Little did I know that madeleines would cause me as much grief as French macarons (that is a story for another time). I baked three batches of them, and were so disappointed in the first two because they would not hump. Get your mind out of the gutter. See the humps I am referring to below. They make the cookies look like little hills before they are popped out of the madeleine pan.

After failing a couple times to produce adequate humps, I figured out through thorough internet research that the folding technique is very important. The recipe on Gourmand Recipes does not detail any folding techniques, but I gathered that it was basically the same as the macarons - gentle folding, careful not to deflate the batter and VERY careful not to overfold. Overfolding is my downfall.

After the third try, just in time for Book Club, the madeleines came out perfect. I jumped and clapped and dragged Boyfriend over to the oven where I made him look-at-slash-admire the humps. Poor guy.

Salted Caramel Madeleines
adapted from Gourmand Recipes
Makes 12 madeleines

1/2 cup flour
1/2 tsp baking powder
1 large egg, room temperature
1/4 cup sugar
1/2 tsp vanilla extract
1/4 cup salted caramel sauce - I used one large spoonful of Dark Chocolate Sea Salt Caramel sauce from Sur La Table
1/2 stick butter, melted and cooled slightly

Preheat the oven to 425 F. Lightly the butter and flour a 12-tin madeleine pan. Make sure you get in all the grooves, otherwise the madeleines will tear while being pried out of the pan. Sift the flour and baking powder together and mix well.

In a stand mixer, combine the egg and sugar; beat on high speed for about 3-5 minutes. This ensures a lot of air gets incorporated into the batter, which makes for a lighter madeleine. Add vanilla extract and and mix until blended. Add vanilla extract and and mix again.

Pour mixture into a large bowl. Add 1/3 of the sifted flour mixture and with a large rubber spatula, fold the flour just until it is barely incorporated. Scoop the mixture up from the bottom to the top usng big sweeping motions, lifting the batter to make sure nothing is deflated. Repeat two more times, adding 1/3 of the flour mixture each time. Make sure you are not overfolding. Just incorporate gently with large folding motions just until the flour disappears.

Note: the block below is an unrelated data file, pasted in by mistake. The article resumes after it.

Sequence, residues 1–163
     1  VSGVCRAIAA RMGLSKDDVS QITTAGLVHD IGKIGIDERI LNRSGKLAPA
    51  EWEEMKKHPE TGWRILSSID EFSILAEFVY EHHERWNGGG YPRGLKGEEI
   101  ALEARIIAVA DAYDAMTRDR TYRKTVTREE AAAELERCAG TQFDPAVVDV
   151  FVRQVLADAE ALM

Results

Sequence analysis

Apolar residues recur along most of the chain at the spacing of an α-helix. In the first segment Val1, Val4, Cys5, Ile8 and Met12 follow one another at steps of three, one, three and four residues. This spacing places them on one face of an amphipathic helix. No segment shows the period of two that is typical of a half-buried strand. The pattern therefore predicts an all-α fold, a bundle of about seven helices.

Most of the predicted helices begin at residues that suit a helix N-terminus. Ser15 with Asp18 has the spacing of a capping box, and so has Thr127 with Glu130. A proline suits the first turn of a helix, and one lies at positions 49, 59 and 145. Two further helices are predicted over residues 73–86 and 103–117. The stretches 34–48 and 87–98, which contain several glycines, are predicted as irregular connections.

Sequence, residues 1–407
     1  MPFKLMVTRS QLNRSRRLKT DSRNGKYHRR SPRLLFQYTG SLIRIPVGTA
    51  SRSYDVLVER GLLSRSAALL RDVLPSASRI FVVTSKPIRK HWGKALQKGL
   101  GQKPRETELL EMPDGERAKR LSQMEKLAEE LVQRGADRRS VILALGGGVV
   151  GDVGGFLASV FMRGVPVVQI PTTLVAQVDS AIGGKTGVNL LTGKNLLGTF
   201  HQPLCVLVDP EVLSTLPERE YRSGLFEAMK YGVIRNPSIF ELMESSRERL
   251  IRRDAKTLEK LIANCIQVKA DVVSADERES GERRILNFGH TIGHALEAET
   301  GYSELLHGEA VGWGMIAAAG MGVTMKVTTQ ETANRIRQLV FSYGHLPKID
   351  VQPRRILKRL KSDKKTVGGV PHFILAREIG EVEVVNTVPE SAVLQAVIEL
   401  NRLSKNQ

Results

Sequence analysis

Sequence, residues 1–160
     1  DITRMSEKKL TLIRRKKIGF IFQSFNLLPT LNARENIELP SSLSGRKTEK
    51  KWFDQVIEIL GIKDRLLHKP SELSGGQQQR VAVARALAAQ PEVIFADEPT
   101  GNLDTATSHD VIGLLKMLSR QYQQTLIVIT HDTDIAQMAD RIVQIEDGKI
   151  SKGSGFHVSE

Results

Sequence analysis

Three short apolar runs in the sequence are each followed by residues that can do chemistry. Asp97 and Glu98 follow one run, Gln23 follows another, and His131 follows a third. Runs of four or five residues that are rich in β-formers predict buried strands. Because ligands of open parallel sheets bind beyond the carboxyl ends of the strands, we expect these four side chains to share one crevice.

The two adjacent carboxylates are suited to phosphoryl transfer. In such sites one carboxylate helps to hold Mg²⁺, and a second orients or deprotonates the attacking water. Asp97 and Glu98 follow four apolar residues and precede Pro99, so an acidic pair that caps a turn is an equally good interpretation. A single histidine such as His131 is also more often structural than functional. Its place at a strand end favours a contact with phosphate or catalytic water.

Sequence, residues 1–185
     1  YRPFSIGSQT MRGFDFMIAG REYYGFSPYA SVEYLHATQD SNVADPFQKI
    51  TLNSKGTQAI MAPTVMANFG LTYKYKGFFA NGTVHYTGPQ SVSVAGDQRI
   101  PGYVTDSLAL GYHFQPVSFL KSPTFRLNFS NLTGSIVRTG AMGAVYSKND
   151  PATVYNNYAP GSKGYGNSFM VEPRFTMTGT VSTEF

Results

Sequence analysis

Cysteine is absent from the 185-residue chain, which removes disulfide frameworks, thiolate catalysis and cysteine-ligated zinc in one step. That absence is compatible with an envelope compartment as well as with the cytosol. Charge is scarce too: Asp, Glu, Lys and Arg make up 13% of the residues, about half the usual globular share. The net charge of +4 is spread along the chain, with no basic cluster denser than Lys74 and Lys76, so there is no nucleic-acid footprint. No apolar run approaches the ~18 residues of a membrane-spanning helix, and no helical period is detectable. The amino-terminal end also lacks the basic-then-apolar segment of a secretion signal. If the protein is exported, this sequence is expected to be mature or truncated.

Add the melted butter in around the edges of the bowl. This part is a bit tricky, since the liquid is hard to fold on without overfolding. Use the same sweeping motions to incorporate the butter, and stop as soon as possible to not deflate the batter. Remember to scoop from the bottom to the top. Let the batter rest for 20 minutes.

Place the batter in a pipping bag and pipe the batter into the buttered and floured madeleine pan. You may also just scoop it with a spoon, but the piping method is a lot cleaner and ensures that the batter will be evenly distributed. You don't want to handle the batter too much by having to re-distribute in the end.

Bake in the preheat oven for 7-10 minutes. Keep a close eye on them, and take them out as soon as the edges turn golden or darker. Overbaking leads to a dry madeleine!

Tuesday, October 25, 2011

Book Club - Momofuku Pork Buns

Ahh Momofuku Noodle/Ssäm/Ko. I generally don't believe in bastardized/fusion/Americanized Asian foods. Not that Momofuku is any of these things, but they have a certain more-expensive-high-end side compared to the cheap eats that I grew up with and love from the San Gabriel Valley. I mean, my parents think Din Tai Fung is kind of pricey, for heaven's sake. And it's only $8 for 10 xiao long bao (juicy pork dumplings). When I went to Taiwan in June, my Third Uncle took me to a random roadside stand with six stools that made dumplings that were WAY better than Din Tai Fung. And they were like $1.50 for 10 of them! Crazy ... I suppose if you grew up in Hong Kong or Taiwan, you'd think the Chinese food in America is way expensive. But I digress.

I first visited Momofuku Noodle Bar in September 2009 with Jennifer. Neither of us really knew how popular a place it was, but I think my cousin Maggie wanted us to bring her back some ramen? We waited an hour and then ordered these buns and bowls of ramen. The slow-poached egg in the ramen was the best egg I've ever eaten in my life, although the ramen itself was a bit salty. Too much pig parts, I suppose (shoulder, belly, broth). But these buns were SO good ... fatty, melty and fluffy. Even Jennifer, who doesn't like pork, proclaimed she could eat more of these. That's saying a lot.

Quick Pickles

3 Kirby or Japanese cucumbers
1 Tbsp sugar
1 tsp salt

Slice cucumbers into 1/4" thick rounds. Toss with sugar/salt and let marinade for 15 minutes. Taste the pickles; if they are too salty or sweet, rinse off the seasoning and season again according to taste. May keep in refrigreator for up to 4 hours.

Pork Belly Buns

1/2 cup kosher salt
1/2 cup sugar
3 lb pork belly, as thick as you can get it
Quick Pickles
Chopped green onions
Steam buns, found in the refrigerated section of Asian grocery stores or you can make your own from David Chang's recipe

Mix together the salt and sugar in a small bowl. Remove the skin on the pork belly, if there is any. The Asian grocery store gave it to me skin on, but it can be sliced right off with a sharp knife. Slather the sugar/salt misture all over the pork belly and put it in a container that will fit the pork belly snugly. Refrigerate at least six hours or overnight.